As President Obama advocates a boost in the marginal income tax rates on the wealthy (a plan that has zero chance of passing, of course), a new poll of Republican voters shows strong opposition — until you ask the question slightly differently, asking if they support setting the rate where it was when Reagan was in office.
Republican voters are divided over the idea of increasing taxes on wealthy U.S. taxpayers, according to a new GBA Strategies poll first shared with The Hill.
When asked whether they support raising the tax rate on personal income above $1 million annually, 36 percent of Republicans supported the plan and 47 percent of Republicans were opposed. The rest were undecided.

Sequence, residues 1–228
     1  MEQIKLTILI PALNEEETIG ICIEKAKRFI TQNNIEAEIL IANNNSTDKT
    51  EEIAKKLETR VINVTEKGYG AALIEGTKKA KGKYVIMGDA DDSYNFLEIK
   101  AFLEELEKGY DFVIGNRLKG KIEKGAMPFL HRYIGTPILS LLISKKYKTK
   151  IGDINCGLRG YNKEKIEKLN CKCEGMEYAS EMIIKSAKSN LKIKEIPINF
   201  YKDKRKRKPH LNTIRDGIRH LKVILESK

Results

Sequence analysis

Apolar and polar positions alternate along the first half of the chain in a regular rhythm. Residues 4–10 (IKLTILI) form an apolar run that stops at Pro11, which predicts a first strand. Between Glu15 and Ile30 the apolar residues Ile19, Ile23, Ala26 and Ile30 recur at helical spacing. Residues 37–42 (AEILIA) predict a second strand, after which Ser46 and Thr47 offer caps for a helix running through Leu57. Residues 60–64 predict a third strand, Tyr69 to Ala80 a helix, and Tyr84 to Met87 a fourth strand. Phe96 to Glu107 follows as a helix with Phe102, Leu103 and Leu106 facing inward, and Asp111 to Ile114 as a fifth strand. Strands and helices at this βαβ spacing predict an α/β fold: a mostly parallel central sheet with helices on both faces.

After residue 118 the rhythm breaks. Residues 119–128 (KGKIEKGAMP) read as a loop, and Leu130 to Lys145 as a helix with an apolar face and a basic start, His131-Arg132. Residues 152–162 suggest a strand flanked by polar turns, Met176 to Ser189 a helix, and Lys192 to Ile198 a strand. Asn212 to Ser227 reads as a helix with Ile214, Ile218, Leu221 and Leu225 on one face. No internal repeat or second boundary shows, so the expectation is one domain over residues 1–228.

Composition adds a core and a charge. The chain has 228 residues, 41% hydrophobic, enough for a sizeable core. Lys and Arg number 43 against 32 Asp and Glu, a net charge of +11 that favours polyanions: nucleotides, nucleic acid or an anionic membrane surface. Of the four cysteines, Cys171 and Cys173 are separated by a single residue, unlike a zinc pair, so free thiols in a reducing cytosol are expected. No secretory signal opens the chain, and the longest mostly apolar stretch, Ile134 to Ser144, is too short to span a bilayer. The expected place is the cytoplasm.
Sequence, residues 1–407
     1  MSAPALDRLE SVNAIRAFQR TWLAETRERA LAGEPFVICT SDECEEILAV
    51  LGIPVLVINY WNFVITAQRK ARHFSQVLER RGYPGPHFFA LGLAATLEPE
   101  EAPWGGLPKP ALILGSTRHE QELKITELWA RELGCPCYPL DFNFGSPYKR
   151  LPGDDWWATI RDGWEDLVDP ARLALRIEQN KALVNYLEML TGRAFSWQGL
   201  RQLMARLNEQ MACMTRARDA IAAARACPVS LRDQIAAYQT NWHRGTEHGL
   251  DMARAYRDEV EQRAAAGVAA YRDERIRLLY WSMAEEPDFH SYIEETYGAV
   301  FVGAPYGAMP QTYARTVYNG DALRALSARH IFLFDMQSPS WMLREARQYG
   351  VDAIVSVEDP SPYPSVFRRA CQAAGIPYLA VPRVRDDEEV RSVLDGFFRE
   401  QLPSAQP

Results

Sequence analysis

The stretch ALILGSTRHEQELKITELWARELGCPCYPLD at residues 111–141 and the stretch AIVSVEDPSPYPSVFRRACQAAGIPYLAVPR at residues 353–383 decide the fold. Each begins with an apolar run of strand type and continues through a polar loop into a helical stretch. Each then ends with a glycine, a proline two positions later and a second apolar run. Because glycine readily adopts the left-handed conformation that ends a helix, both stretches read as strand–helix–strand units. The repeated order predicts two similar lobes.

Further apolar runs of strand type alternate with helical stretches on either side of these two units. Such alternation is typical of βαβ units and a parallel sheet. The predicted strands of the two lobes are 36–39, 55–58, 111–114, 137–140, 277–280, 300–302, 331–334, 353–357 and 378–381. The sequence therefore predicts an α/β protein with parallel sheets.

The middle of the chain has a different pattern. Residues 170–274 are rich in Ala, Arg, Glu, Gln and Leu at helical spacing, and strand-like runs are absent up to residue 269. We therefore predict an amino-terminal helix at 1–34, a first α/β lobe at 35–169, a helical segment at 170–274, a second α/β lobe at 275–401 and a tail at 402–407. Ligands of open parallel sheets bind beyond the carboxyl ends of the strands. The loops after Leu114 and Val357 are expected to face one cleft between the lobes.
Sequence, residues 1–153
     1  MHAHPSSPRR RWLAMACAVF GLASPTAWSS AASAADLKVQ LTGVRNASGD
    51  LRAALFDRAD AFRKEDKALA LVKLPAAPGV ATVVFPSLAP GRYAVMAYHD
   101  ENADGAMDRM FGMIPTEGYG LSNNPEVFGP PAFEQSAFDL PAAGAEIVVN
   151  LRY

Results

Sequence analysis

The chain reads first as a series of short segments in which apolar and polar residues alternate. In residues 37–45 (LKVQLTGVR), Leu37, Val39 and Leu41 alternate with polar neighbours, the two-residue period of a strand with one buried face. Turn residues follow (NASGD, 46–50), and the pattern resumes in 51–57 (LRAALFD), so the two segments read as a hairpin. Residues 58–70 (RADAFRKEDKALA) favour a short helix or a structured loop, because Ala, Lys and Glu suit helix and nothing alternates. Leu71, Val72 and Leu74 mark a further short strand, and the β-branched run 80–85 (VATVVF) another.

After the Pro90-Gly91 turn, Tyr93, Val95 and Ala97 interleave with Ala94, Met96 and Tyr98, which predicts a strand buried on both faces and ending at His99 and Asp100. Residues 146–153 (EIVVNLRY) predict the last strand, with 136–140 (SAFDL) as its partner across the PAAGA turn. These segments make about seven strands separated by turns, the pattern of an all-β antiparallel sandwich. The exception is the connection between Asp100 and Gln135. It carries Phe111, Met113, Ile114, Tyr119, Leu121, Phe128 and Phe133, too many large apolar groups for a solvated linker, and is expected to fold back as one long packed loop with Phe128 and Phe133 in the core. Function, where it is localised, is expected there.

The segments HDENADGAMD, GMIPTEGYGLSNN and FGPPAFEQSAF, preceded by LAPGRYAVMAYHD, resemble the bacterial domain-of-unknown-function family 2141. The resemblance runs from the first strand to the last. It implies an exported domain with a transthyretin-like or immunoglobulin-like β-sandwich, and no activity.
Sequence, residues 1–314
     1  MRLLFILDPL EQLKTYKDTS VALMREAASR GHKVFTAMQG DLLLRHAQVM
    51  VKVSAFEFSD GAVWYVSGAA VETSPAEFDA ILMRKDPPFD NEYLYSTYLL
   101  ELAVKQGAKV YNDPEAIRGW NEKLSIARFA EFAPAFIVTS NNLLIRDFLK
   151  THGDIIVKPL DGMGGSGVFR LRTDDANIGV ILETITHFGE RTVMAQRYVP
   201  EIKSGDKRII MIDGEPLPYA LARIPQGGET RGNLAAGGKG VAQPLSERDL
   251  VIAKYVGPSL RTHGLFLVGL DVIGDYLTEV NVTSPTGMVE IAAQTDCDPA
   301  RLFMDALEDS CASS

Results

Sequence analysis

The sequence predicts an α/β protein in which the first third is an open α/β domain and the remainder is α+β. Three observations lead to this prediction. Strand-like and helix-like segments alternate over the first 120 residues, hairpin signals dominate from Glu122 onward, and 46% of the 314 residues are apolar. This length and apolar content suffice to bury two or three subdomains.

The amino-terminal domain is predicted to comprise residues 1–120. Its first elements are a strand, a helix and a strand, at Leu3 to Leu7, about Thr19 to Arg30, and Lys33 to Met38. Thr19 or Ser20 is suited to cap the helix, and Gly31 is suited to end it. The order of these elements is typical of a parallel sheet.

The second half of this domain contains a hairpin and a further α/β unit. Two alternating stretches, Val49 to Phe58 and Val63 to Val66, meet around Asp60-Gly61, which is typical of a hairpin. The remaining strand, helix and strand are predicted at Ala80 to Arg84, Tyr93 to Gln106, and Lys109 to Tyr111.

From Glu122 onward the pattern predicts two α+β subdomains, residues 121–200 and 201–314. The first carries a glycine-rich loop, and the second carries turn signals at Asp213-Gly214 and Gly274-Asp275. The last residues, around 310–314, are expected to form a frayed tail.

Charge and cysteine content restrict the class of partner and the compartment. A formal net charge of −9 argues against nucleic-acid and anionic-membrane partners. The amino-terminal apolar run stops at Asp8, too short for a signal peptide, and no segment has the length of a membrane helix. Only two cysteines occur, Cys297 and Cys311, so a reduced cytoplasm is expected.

But when asked whether they supported raising the personal income tax on those earning $1 million a year to 50 percent, “the same rate taxed under President Reagan,” Republicans shifted their support, with 53 percent supporting and 33 opposing.
When Reagan came into office, the top marginal tax rate was 70%. He signed a bill reducing that to 50%, where it remained until 1987. A tax reform bill passed in 1986 reduced the top rate to 38.5%. Currently, the top rate is 39.6%. But this question apparently was specific about the 50% rate (I can’t find the actual study to see the wording, so I’m going by what The Hill says about it) and attributed it to Reagan. And voila, a majority of Republican voters magically think it’s a great idea if his name is attached to it. No wonder they wield his name like a magical talisman.